- It would destroy the unique character and village environment of Ashtead, especially if independent shops were forced to close.
- Increased traffic congestion in The Street and resulting increased danger at the Woodfield Lane/A24 junction could drive existing customers/clients away, to shop and use businesses outside Ashtead.
- Probable increases in rents and business rates.”
The stores most concerned by the proposal include those with which Tesco would directly compete. These thriving businesses are at the heart of Ashtead’s village character. This is acknowledged in the Roger Tym 2007 report that largely underpins MVDC’s Core Strategy. In contrast, a much smaller Express store would encourage complementary shopping. One of the reasons that Craddocks Parade thrives is that the Tesco Express there complements existing local shops such as the butcher, greengrocer, baker and wine merchant.
Links to Detailed Objection Reports
The overwhelming majority (97%) of representations from residents to MVDC oppose Tesco’s current application. They feel that this store is too large for Ashtead village and have indicated that a smaller convenience Express-type store would be more appropriate. On-site parking would help to cope with parking demand.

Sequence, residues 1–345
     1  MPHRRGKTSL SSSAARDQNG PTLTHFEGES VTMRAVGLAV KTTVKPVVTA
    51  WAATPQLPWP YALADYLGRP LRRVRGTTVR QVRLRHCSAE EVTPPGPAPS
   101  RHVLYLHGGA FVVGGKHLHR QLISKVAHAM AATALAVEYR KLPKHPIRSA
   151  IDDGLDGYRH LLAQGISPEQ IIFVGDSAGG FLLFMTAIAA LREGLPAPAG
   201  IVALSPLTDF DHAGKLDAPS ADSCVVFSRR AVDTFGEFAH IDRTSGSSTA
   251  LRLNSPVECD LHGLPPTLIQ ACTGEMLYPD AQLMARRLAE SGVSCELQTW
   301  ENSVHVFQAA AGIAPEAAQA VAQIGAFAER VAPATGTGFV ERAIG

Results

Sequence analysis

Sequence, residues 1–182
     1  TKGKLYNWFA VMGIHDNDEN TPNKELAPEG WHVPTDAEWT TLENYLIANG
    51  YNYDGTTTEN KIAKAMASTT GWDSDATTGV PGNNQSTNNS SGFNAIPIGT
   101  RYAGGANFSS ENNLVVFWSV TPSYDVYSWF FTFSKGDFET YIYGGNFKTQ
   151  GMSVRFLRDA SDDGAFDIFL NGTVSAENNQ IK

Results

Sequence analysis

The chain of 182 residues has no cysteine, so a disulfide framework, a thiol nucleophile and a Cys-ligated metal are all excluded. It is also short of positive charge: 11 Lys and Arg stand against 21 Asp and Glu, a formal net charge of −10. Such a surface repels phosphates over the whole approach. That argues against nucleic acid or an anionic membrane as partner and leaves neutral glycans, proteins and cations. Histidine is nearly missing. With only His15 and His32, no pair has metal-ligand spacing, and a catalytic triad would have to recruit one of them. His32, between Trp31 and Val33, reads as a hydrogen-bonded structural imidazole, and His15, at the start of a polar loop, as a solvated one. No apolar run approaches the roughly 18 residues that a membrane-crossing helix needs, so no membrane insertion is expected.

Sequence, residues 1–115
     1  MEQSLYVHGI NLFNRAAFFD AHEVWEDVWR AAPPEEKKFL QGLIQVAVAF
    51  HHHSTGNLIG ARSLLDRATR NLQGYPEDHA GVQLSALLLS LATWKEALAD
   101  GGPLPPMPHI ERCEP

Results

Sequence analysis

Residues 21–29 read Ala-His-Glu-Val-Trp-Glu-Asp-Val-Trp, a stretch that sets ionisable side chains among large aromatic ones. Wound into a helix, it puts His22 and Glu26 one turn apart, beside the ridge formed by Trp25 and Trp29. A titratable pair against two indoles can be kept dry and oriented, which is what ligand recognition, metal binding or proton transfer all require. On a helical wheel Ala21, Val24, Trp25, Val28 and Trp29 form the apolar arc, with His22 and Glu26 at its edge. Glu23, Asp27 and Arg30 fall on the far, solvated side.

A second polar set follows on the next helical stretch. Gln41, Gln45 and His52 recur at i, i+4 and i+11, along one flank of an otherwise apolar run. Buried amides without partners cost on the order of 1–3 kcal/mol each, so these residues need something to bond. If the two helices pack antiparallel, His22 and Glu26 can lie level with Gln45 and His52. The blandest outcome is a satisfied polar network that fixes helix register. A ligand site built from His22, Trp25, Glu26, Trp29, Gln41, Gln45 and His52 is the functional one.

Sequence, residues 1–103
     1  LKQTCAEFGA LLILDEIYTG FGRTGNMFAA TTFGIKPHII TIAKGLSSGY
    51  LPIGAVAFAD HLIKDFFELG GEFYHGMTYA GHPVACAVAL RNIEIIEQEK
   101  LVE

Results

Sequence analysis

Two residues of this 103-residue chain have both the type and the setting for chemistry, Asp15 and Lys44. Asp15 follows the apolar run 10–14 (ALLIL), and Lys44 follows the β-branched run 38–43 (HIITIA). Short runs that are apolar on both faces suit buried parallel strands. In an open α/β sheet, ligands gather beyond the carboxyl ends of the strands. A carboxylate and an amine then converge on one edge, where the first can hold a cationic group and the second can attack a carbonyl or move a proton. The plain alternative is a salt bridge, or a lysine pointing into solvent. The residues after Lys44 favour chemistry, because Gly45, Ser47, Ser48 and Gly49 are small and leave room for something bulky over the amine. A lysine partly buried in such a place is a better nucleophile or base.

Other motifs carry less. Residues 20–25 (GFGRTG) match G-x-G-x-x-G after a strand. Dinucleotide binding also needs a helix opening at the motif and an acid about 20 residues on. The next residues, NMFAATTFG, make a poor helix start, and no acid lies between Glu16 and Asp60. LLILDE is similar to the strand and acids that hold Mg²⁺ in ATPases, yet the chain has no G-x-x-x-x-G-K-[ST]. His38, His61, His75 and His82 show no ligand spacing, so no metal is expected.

Detailed analysis of Tesco’s current application has identified numerous instances of errors and omissions. The magnitude and frequency of these errors and omissions destroy the credibility of Tesco’s application and, of themselves, provide ample reasons for refusal of the application due to severe negative impacts on parking and highways.
The detailed analysis of the application has produced a number of additional reasons why MVDC should refuse the application.
The matters identified in the analysis are of such consequence that it is essential they are fully addressed in the Planning Officers’ written report so that Members of the DCC and Ashtead residents can be satisfied that the matters have been appropriately dealt with in the planning process.
For the reasons identified and analysed in detail and summarised above, in our opinion it is apparent that Tesco’s planning application MO/2012/0234 PLAMAJ should be refused.
APPENDIX – LINKS TO OBJECTIONS AND SUBMISSIONS REFERRED TO IN THE EXECUTIVE SUMMARY
All of the documents listed below are on the Mole Valley District Council Planning website.
POUND COURT RESIDENTS GROUP Submission 2 – Various Issues including Parking, Traffic Noise, Retail, Impact on Community Facilities, Pedestrian Safety, Size of Store, Lack of Consultation, Sustainability
9th July 2012